Bursting with Youthful Energy

"Claire Browne's enchanting new works at the Newspace Gallery exude vitality -- youthful vitality coming from a mature artist. Browne, who lives in L.A., received a bachelor's degree in English and earned a master of fine arts from the Claremont Graduate School. Her drawings on canvas ("drawn paintings," according to the press release) feel fresh and alive, charmingly casual yet thoughtful.

There's some playful friction right from the start in Browne's choice of media. She draws in pencil on gessoed canvas, sort of a T-shirt and tux combination, the informal doodle sprawled over the formally prepared surface. Her marks are simple circles, outlined, filled in and often with a smaller dot within. Some are as small as the head of a pin and others the size of a fingerprint. They cluster and form chains, seemingly organically, accreting into dense, vibrant fields that often extend over the edges and onto the sides of the canvases."

-Leah Ohlman, Los Angeles Times


"Browne draws vast clusters of symbiotic circles, ink drawings on collaged canvases stretched over hard wood. Working from intuition and an innate desire to explore the unknown, Browne creates sensations and feelings of nebulae simultaneously suggesting macro and microcosms - fragments of marks expanding or contracting between intersections of art and science."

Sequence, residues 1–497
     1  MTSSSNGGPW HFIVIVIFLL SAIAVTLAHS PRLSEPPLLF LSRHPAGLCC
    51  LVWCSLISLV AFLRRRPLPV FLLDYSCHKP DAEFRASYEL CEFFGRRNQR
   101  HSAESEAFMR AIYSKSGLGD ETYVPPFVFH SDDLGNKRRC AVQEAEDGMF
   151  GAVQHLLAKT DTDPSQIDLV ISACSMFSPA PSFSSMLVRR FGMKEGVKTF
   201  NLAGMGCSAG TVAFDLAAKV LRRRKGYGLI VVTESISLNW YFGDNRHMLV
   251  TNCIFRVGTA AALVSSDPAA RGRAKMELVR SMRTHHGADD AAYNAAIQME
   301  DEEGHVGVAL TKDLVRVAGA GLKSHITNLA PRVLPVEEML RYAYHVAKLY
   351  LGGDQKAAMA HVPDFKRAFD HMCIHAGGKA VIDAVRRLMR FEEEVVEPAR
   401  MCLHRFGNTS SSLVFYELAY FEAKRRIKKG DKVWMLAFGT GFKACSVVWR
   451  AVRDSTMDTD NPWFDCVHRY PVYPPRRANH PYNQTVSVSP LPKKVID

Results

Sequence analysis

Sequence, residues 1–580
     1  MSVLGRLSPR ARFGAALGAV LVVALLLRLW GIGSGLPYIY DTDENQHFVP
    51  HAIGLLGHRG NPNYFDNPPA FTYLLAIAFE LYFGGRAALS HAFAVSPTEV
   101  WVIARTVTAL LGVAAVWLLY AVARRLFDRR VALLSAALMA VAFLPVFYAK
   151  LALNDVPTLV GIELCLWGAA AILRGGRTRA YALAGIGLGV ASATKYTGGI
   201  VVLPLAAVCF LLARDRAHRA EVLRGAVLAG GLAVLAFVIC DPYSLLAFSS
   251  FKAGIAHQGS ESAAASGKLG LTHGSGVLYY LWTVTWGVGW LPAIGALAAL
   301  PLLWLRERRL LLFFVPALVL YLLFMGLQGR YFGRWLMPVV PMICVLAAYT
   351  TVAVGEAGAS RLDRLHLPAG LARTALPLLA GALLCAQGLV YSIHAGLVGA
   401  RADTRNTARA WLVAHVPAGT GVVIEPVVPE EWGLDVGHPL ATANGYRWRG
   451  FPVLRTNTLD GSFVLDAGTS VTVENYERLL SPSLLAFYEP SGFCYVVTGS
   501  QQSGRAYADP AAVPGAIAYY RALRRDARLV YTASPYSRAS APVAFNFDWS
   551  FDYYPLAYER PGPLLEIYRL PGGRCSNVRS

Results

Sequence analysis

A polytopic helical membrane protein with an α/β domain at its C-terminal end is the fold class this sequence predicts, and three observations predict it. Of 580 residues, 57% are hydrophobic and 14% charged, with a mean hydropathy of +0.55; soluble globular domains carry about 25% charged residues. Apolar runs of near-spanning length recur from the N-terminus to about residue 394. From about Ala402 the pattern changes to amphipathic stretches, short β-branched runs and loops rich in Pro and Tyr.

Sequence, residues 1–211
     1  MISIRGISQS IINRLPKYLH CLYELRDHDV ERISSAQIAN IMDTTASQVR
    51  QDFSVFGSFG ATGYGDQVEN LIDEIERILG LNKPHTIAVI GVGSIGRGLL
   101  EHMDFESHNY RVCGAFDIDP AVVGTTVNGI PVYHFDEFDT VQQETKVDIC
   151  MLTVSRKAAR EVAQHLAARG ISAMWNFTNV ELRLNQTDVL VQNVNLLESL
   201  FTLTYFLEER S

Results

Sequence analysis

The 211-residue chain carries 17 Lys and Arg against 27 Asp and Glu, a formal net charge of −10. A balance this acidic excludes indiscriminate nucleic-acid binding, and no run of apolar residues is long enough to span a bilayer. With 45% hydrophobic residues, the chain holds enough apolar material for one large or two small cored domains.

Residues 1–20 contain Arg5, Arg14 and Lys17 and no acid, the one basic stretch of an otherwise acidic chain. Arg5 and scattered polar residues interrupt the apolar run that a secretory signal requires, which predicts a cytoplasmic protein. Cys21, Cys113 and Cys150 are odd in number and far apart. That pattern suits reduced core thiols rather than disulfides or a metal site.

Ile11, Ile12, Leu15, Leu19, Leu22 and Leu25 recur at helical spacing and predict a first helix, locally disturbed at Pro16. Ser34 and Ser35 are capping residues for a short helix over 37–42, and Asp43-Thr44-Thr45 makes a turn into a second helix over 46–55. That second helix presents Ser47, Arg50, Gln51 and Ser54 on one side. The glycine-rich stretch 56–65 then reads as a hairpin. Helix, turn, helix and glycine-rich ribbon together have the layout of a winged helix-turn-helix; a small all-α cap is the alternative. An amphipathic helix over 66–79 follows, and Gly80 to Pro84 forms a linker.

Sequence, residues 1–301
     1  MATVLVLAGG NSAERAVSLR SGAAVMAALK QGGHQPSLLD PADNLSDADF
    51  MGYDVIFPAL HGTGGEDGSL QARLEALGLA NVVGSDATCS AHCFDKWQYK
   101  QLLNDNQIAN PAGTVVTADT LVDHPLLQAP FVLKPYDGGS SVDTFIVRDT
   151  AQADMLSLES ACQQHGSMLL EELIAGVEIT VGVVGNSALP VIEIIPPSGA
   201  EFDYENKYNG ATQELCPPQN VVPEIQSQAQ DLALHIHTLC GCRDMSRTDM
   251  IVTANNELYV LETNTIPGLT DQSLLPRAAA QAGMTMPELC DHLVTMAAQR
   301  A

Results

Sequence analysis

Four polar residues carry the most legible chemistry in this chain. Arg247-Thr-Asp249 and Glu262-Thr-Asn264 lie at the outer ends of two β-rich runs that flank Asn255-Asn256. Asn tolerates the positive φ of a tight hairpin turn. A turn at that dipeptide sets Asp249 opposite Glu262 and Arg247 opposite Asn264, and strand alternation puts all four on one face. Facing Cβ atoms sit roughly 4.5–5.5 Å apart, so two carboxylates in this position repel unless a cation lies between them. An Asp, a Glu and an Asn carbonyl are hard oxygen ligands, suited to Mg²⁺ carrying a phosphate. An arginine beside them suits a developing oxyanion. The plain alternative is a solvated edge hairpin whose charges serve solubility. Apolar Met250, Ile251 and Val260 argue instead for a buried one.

- Joni Gordon, Director Newspace Gallery


"Browne's perceptions and consciousness are found in her instinctive trackless marks. Her space is inhabited by successive spheres in abandoned patterns which reflect a history informed by the likes of artists such as Agnes Martin, Vija Celmins, and Louise Bourgeois. These ink drawn paintings reflect patterns of the natural world which materialize within an artist's unconsciousness."

- Joni Gordon, Director Newspace Gallery


"The fifteen color pencil drawings executed on gessoed canvas that comprise Claire Browne's exhibition titled Mind Time both elevate and celebrate drawing as an end in itself...Here the structured and linear pacing of the clock and calendar, however rhythmic, give way to a more quantum driven and quirky experience of time as something abstract, erratic, unpredictable..."

- Andy Brumer, Artweek